Unfortunately, on many consensus networks, like Ethereum and Algorand, this application is dangerous to run. The problem is that a malicious miner, like Eve, can intercept Bob’s message that provides him the funds, refuse to forward it through to the consensus network, take the password from it, and submit it for her own account. There is not a good general solution to this problem, meaning a theorem that we could insert into our program to make sure this attack isn’t possible, because the whole point of this application is that Bob’s identity is not known at the time that Alice sends the first message. Ideally, such networks would support a kind of cryptographic operation where Bob could prove that he knows the password without revealing it. There are some ideas on how to provide this sort of thing through zero-knowledge proofs and homomorphic encryption, but there is no widely accepted and available solution.

In short: Don’t run this program. If you want to do something like this, then continue to the next workshop on relays. If you want to do exactly this, then stay tuned for a more complex zero-knowledge version.

Next, we’ll settle for a simple testing program for now to show the application, and let the rest of our full stack team deal with actually building the interface. Here’s the JavaScript frontend we wrote:

 1    import { loadStdlib } from '@reach-sh/stdlib';
 2    import * as backend from './build/index.main.mjs';
 4    (async () => {
 5      const stdlib = await loadStdlib();
 6      const startingBalance = stdlib.parseCurrency(100);
 8      const accAlice = await stdlib.newTestAccount(startingBalance);
 9      const accBob = await stdlib.newTestAccount(startingBalance);
11      const getBalance = async (who) =>
12            stdlib.formatCurrency(await stdlib.balanceOf(who), 4);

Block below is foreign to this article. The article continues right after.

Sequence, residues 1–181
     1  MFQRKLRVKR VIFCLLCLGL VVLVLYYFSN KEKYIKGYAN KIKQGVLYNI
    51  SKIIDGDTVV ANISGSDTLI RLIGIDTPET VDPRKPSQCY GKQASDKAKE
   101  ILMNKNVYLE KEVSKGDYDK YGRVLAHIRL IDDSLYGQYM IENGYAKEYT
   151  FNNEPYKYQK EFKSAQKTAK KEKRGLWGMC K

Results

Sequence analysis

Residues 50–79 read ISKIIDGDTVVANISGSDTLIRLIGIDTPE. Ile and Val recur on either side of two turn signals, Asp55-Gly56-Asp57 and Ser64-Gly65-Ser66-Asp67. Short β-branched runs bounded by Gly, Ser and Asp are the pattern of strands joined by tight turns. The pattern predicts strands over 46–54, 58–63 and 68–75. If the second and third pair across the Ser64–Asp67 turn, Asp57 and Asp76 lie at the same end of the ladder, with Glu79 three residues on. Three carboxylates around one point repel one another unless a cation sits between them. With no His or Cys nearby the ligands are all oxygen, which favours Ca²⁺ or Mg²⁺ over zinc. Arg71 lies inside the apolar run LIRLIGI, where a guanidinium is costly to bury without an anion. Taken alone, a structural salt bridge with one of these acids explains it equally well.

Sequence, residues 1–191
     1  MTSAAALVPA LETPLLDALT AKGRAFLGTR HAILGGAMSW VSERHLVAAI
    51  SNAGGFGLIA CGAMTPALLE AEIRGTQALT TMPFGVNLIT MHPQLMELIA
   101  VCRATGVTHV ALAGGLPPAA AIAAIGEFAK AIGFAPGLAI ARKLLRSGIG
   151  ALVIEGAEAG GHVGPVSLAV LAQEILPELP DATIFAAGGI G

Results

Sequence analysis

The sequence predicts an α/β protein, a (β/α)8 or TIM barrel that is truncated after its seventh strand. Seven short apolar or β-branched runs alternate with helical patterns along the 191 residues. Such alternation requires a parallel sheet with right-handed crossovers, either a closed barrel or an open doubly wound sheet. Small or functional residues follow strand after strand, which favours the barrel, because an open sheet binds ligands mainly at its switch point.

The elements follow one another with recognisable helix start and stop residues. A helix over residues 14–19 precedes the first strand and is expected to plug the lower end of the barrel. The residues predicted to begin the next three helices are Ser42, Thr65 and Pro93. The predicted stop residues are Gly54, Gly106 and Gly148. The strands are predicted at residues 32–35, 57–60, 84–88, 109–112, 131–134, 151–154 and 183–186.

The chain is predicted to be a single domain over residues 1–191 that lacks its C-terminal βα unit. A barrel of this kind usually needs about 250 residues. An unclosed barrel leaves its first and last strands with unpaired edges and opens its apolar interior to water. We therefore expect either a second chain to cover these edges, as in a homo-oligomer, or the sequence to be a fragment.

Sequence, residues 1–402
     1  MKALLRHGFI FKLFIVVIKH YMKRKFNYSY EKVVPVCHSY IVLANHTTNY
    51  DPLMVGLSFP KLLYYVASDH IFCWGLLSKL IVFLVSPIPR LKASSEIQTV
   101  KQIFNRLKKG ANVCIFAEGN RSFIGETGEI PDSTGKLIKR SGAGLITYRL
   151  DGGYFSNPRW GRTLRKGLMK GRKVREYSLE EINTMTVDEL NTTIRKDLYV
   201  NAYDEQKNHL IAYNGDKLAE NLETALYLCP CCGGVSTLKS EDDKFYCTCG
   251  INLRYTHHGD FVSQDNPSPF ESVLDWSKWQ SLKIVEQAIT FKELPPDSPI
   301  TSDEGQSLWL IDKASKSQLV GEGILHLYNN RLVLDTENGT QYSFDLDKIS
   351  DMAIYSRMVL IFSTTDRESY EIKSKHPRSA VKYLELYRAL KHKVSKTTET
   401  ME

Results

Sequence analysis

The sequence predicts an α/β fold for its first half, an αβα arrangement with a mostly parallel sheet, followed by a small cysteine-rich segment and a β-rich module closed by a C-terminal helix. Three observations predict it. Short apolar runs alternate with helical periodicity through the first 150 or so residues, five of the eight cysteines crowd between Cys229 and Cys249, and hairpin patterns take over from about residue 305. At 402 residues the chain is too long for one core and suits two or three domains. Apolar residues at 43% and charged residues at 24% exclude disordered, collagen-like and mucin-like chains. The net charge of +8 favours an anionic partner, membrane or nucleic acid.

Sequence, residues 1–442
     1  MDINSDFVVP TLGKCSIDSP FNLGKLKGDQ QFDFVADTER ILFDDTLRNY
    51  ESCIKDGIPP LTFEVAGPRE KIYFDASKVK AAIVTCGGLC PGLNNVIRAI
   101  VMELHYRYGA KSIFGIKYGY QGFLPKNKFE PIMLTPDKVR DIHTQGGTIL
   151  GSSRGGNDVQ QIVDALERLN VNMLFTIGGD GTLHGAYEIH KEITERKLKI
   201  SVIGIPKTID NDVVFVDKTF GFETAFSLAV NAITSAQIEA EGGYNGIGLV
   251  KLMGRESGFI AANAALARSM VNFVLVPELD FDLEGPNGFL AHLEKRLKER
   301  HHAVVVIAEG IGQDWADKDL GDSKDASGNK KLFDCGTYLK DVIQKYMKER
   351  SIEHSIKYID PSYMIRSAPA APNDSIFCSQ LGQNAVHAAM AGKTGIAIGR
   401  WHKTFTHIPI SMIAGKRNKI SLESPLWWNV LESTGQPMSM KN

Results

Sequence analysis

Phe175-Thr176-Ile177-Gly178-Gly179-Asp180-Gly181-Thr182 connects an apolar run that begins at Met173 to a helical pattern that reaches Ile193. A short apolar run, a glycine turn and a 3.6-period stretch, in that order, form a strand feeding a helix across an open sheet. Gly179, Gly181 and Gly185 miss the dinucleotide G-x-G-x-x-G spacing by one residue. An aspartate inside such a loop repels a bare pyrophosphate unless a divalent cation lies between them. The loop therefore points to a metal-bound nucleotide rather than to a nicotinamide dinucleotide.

13      const beforeAlice = await getBalance(accAlice);
14      const beforeBob = await getBalance(accBob);
16      const ctcAlice = accAlice.deploy(backend);
17      const ctcBob = accBob.attach(backend, ctcAlice.getInfo());
19      const thePass = stdlib.randomUInt();
21      await Promise.all([
22        backend.Alice(ctcAlice, {
23          amt: stdlib.parseCurrency(25),
24          pass: thePass,
25        }),
26        backend.Bob(ctcBob, {
27          getPass: () => {
28            console.log(`Bob asked to give the preimage.`);
29            console.log(`Returning: ${thePass}`);
30            return thePass;
31          },
32        }),
33      ]);
35      const afterAlice = await getBalance(accAlice);
36      const afterBob = await getBalance(accBob);
38      console.log(`Alice went from ${beforeAlice} to ${afterAlice}.`);
39      console.log(`Bob went from ${beforeBob} to ${afterBob}.`);
41    })();

In this case, Bob learns the password outside of the Reach program by directly sharing memory with Alice. In a real deployment, she might give Bob the password through some other channel, like an encrypted email message, or a calligraphic scroll delivered by raven or intoned from Himalayan cliffs.

With this testing frontend in place, we can run

  $ ../reach run

and see an example execution:

$ ../reach run

Bob asked to give the preimage.

Returning: 40816662354916515903581596667174503941307255426903039386763272451578996162763

Alice went from 100.0 to 74.999999999999823944.

Bob went from 100.0 to 124.999999999999978599.

4.1.7 Discussion

You did it!

You implemented a Reach program totally on your own, with only a little bit of prodding.

Unlike the tutorial, this workshop uses a "top-down" perspective on Reach application design, where you derive the program from the requirements and slowly fill out the shell, while knowing that each step was correct before moving on. In contrast, in the tutorial, we demonstrated a "bottom-up" style where you start implementing the easy parts and realize the problems and their fixes as you go. There’s no right way to program and in our own Reach development, we use a combination of the two tactics. Try both and keep them both in mind during your own development.

If you found this workshop rewarding, please let us know on the Discord community!

If you want to know what to do next, a natural extension of the concepts in this workshop is a relay account. Why don’t you check it out?